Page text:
I think I'm finding this year hard because it doesn't look right. The temperatures are autumnal, the skies are grey, it's getting dark, BUT..... the trees are not looking at all autumny. If we had the brilliant leaves and an occasional blue, sunny, crisp day I'd cope better. It's the continuous stretch of "97-shades-of-grey" days that is wearing.

(Marie - who still should be out sailing, but who came home because she's tired of fog, chill, drizzle, wind and grey skies)

Well, welcome home :) I know what you mean about the 97-shades of grey...sometimes it feels like it will never end. And we don't have any autumn color down here either. Some of the trees have already dropped their leaves but we haven't had any bursts of glory from them beforehand, probably because there hasn't been any frost, it's still too warm, though today it dipped down to 10.

It's 8C as I type (at 11.30am!) Brrr....

We loved seeing the mushrooms out on the forest covered islands (tons and tons of them!) and the ljung (is that heather? I can't remember anymore) is stunning this year, but it's weird to see it all there with the summer flowers as well. And green trees full of leaves. Very strange...

But the lack of blue skies is killing me!

Yes, ljung is heather, and I bet it must look amazing when you see fields of it.

Blue skies today!! I hope you have them up by you! :)

Grey, grey, grey here. And one BLACK cloud. not a silver lining in sight :(

Then I'll blow it all up towards you. It's clouding up now, but I can still see small patches of blue.

I wonder if people who grow up in the North experience S.A.D. as much as those who move to the North. I don't think I could live up there.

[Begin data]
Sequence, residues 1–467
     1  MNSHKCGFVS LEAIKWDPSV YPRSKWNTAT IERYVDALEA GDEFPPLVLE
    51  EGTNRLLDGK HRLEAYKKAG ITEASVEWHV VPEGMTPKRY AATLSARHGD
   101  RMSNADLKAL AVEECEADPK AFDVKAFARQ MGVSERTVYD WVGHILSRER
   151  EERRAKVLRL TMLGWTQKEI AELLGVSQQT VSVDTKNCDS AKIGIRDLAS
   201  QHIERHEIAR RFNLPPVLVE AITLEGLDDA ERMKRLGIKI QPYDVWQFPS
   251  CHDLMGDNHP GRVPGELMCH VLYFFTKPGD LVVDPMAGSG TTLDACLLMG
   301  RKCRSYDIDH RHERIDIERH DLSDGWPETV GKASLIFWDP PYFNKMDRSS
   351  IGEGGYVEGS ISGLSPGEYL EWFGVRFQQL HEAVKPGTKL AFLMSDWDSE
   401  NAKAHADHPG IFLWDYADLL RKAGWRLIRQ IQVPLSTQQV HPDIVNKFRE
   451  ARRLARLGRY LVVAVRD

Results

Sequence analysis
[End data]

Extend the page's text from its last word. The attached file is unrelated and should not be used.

I don't know...I've never seen any statistics on the subject, but maybe googling would come up with some.

It does have its compensations, though. It's not all darkness and rain :)

I don't think there's a connection. In our case, my husband comes from even further north than here (up near the north pole) and he suffers badly from SAD, though I bought a special light that I force him to use in winter and that has helped enormously.

I, on the other hand, hail from sunny Australia, where I lived for over 40 years. I've not had a problem adjusting to the dark months. Funnily enough, it's the very long hours of daylight (up to 20 hours daily) in summer that I can't cope with. Go figure :)

Autumn certainly descended upon us like a clap of thunder this year... it was COLD on #2's birthday and that was mid-August!

Well, we had a lot of colder/rainy/grey days but it didn't really start getting COLD until this past week.

Aren't we on the same latitude line or close? It's getting dark by 7:30 here now, and I've been feeling the lessening of light, the gathering of the dark. Let's go find a cave to curl up in. And possibly eat large hoards of chocolate. Either that--or decend upon Soliden and take it over while Elizabeth is doing her magic at Squam (aren't you sad you're not there? Next year, I swear I will be!)

I'm VERY sad I'm not there, and I'm sad for you that you're not! Somehow I thought you would be.

We're on the same latitude (longitude? I can't remember which) as Moscow, and Alaska :)

(Anonymous)

Oh, I understand and I only live in Kansas! I read an article in the NYTimes once about how humans actually used to hibernate with their farm aninmals in the winters (back when barns/houses were kinda the same thing). I think the concept needs to come back, but just with dogs and cats and things, not pigs!
-Heather